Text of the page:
Since 1966, Potomac residents have successfully fought extensive commercial development in their exclusive community. But their struggle to maintain the residential character of the neighborhoods could be lost within the year, if a revised design for the area is adopted by the Montgomery County Council.
The new design, drawn up by the county Park and Planning Commission, would permit a seven-acre shopping center to be built at Falls Road and Tuckerman Lane by Julian Farms Associates and would allow some major thoroughfares in the area to be widened from the existing two lanes to four lanes.
About 200 Potomac residents voiced opposition to the plan at a commission briefing held recently at Herbert Hoover Junior High.
"This has been a 10-year fight and will probably turn into a knock-down, drag-out battle before it's over, but the shopping center will not stay in the plan," said John Mengers, treasurer of the Mid-County Civic Association. The association is one of 16 citizens' groups in the Potomac-Cabin John area lobbying against the commission plan. The area is bordered by I-270 on the east and Watts Branch on the west.
Citizens said they fear the proliferation of commercial construction if the plan is adopted and land now zoned for residential use is rezoned for businesses.
In Montgomery County, land can be rezoned by two methods: by adoption ofsectional map amendments by the County Council, or by council approval of a recommendation from a zoning hearing examiner. The examiner can make such a recommendation only after a hearing where it is shown that the character of the area has changed or that a mistake was made in the original zoning.
Since 1966, the owners of the shopping center site have twice used the hearing process to have the land rezoned and were unsuccessful both times. If the council adopts the revised plan, it would pave the way for construction of the shopping center within five years, according to Lee Cunningham, commission planner.
It would also permit the widening of Seven Locks Road to four lanes north of Tuckerman Lane, the expansion of Montrose Road to Falls Road as a four-lane highway, the widening to four lanes of River Road between Seven Locks Road and Potomac Village and the expansion of Democracy Boulevard west to intersect with Kentsdale Drive. This construction could begin within six to 10 years, Cunningham said.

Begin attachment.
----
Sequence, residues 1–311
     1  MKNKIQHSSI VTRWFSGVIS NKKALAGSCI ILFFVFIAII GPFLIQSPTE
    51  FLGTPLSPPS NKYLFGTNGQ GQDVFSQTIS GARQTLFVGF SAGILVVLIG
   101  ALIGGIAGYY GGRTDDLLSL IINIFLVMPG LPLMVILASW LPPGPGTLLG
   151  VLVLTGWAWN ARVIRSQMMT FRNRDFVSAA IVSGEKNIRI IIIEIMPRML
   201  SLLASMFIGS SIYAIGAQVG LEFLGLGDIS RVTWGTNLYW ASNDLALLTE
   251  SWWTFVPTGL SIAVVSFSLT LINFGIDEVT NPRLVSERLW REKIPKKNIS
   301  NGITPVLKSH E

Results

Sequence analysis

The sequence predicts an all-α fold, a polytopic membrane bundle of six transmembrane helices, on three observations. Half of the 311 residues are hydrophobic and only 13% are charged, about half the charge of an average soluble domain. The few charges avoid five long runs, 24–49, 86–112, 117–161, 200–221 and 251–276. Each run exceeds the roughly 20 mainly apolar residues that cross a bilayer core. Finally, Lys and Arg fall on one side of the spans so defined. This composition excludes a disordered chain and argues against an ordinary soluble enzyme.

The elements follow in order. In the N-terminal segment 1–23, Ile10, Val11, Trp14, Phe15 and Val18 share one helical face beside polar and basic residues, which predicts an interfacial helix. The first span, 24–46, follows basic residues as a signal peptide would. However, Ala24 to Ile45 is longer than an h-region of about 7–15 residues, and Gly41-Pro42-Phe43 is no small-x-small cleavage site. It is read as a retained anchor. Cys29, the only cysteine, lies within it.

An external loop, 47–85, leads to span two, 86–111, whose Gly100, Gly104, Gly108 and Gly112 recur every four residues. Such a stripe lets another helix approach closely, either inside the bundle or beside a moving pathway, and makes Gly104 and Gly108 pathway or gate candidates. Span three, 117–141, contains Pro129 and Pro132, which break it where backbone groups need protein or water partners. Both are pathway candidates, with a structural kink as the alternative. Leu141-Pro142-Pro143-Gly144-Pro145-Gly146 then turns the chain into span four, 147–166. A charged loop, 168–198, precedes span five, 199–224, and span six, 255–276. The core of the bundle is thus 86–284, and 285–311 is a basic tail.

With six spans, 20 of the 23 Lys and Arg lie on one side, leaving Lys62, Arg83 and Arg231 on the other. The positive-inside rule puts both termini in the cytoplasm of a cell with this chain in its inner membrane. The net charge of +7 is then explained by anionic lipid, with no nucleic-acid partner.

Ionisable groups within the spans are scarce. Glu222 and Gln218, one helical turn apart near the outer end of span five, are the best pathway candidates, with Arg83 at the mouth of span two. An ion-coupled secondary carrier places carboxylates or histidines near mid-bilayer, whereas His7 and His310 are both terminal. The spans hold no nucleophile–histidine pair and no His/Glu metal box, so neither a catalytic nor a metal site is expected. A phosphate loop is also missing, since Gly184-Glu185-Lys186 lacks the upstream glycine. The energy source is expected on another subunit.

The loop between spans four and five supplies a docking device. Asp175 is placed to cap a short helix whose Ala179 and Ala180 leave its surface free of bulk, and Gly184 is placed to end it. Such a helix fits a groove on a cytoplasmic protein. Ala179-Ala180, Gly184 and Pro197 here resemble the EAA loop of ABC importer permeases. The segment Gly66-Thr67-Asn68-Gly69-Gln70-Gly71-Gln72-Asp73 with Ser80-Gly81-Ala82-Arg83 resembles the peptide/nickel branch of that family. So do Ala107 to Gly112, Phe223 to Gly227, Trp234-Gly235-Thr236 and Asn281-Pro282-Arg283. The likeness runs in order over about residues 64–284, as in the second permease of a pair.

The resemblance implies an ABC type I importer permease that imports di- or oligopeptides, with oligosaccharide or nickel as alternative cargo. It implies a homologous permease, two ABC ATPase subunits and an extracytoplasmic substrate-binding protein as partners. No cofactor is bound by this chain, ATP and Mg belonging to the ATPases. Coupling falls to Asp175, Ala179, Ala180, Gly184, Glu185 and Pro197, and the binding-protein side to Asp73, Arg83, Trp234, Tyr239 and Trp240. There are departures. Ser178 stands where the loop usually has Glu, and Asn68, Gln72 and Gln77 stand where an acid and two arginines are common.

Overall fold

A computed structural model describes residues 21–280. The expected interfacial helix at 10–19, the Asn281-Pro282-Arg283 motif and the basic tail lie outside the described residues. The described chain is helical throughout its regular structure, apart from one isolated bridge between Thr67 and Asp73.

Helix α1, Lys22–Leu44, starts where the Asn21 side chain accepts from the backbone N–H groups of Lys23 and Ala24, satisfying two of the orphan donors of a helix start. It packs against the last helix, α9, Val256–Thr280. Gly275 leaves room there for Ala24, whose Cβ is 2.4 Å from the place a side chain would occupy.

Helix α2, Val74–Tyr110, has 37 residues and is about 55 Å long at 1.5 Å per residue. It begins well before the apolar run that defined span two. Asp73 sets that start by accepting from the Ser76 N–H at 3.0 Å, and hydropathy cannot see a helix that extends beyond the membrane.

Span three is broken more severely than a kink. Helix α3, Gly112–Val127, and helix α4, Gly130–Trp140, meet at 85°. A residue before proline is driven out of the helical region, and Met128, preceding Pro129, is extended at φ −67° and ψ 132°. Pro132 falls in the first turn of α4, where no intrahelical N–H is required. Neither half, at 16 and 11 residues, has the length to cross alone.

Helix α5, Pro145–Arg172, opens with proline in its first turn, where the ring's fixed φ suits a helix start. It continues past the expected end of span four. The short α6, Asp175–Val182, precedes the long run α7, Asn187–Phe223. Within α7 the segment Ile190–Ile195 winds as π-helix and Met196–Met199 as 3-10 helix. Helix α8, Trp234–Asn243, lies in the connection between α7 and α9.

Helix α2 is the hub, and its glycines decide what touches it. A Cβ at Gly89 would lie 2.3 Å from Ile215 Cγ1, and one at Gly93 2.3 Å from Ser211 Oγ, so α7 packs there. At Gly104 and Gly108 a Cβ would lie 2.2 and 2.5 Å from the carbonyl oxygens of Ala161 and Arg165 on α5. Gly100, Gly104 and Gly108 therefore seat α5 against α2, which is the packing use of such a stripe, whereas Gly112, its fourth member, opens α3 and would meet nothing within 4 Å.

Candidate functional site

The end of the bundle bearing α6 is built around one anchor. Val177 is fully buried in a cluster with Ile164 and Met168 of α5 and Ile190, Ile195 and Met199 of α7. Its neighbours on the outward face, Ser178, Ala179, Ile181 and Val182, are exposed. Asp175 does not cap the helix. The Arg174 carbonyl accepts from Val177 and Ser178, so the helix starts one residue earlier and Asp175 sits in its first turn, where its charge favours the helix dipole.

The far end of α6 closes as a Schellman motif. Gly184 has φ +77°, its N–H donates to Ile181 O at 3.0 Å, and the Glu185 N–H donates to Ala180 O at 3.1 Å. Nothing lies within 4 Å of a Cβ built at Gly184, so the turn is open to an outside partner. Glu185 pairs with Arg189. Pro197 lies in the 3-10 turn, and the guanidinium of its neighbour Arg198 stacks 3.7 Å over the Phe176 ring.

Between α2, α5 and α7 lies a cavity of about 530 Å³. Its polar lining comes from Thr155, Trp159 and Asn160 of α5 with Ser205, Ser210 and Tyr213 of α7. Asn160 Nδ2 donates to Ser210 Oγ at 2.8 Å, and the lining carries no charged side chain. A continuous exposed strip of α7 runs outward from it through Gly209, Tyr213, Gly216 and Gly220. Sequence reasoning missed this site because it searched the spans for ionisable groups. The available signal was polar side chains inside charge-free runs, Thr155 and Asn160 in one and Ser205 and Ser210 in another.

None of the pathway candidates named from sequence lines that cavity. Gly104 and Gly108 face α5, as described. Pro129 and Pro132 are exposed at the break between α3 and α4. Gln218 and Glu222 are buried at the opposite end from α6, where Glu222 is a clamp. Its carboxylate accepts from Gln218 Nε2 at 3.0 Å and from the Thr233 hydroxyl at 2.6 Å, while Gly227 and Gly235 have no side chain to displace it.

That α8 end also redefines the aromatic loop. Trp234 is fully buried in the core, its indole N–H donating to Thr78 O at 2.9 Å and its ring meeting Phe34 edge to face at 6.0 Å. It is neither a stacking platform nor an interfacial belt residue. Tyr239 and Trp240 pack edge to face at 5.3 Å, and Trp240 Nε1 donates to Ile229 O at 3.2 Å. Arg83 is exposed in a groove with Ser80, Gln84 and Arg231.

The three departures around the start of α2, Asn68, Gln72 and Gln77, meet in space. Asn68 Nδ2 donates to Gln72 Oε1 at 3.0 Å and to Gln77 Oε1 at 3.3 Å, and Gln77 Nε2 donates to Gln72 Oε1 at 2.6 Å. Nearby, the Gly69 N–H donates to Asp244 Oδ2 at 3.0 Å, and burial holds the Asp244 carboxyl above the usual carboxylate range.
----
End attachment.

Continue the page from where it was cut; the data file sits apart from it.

Although the commission recommendations for a shopping center and road expansion were based on population and highway projections showing a need for such services, citizens at the briefing bitterly disagreed.
Leon Kestenbaum, who lives near the shopping center site, opposed the plan. "They're going to put it (the shopping center) right plunk in the middle of a residential area. And if it's intended to serve the needs of those adjacent to it and these same people object to it, why is it included in the plan?"
Commission projections show the population in the Potomac-Cabin John area will increase 14.9 percent by 1996, and the number of dwelling units will increase by 47 percent. Cunningham said more homes will be needed for families with fewer members.
Reducing transportation time to shopping is also a goal of the plan, he said. But residents said it is already possible to drive no more than four to six minutes to an existing shopping center.
The planned shopping center would be 1.9 miles from Seven Locks Road and from the Cabin John shopping center at Tuckerman Lane. The new plan is part of the 1966 Potomac Travilah Master Plan for 56 miles of Montgomery County bordered on the east by I-270 and Seneca Creek on the west. That plan is now known as the Potamac subregion master plan.
A public hearing on the revised plan will be held in January or February, Cunningham said.